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neodiver - that's a really good, comprehensive list.

I'll comment on the difficulty in satisfying everyone in the family as far as meal preparation. My husband is the same as your wife, so I try not to give him ultra-fat foods.

Entrees are easy - just drain the fat. (I'll spoon some from the drippings back into my portion)

Add butter or drippings to cooked vegetables on the plate.

Make plain potatoes or rice for the carb eaters - no need to make them fancy. Then just give them a pass.

When I'm cooking for company that are carb eaters, I usually fix a meat and two vegetables. I'll have bread for them. I will sometimes fix potatoes depending on who is coming over.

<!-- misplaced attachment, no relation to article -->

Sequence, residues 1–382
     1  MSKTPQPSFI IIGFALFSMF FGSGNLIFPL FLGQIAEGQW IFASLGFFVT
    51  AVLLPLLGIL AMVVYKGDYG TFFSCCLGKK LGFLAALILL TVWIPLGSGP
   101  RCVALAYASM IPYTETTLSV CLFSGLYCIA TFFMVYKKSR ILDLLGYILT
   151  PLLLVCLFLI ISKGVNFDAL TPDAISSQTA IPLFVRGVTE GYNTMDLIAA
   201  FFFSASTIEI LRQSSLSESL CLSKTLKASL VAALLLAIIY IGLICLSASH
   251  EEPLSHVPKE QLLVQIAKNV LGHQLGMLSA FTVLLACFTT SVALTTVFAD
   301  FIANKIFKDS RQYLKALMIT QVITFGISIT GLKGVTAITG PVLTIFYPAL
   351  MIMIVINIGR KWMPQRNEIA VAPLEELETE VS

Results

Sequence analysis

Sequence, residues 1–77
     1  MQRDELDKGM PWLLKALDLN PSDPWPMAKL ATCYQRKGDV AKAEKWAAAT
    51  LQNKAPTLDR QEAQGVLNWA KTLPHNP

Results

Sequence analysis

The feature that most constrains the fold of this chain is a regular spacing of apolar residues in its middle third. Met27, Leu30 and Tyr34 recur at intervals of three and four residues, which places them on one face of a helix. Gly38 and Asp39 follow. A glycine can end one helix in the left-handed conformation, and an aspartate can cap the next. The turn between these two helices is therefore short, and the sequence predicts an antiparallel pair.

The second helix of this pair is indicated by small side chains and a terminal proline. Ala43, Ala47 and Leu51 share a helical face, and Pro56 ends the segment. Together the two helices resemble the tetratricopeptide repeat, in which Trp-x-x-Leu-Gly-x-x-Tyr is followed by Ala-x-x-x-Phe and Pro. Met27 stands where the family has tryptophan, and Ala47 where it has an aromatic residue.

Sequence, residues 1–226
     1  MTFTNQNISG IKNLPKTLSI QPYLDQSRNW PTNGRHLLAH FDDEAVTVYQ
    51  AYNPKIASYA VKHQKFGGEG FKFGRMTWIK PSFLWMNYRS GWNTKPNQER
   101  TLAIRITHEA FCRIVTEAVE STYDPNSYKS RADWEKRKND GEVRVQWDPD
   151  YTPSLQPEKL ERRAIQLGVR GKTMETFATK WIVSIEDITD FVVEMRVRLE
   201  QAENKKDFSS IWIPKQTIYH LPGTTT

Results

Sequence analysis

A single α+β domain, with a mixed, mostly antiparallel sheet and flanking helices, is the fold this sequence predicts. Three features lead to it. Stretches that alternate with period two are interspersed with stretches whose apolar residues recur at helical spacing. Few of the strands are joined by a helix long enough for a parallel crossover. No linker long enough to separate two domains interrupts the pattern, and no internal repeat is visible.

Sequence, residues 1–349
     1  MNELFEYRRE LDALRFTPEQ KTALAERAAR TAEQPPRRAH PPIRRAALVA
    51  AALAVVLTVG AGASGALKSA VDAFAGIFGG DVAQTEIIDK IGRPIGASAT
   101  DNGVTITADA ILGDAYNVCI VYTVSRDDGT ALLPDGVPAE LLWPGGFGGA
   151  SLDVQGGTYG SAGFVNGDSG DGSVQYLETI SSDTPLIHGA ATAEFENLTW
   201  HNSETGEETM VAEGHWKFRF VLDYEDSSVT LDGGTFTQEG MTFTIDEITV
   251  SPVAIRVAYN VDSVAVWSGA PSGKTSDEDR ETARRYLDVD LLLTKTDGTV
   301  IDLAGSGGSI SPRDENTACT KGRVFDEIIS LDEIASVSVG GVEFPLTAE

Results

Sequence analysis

---
Last year or so my husband decided to stop eating starches with his meals, so I was able to quit fixing potatoes for him. He still eats a lot of bread and sugary desserts, but I'm not the one who's fixing these (he has to buy them for himself).

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Old 04-14-2016, 00:02   #6
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Quote:
Originally Posted by Cricket VS View Post
A common thing I hear from friends looking for ways to control their diabetes is that they can't afford to actively control their diabetes.

. . .
What are your thoughts on this? What tips can you share with others?
I'm afraid that many who have all the excuses simply don't want to "change".

Strips don't cost any more a day than a cup of coffee if used at key times, and "cooking different meals" is just plain not necessary.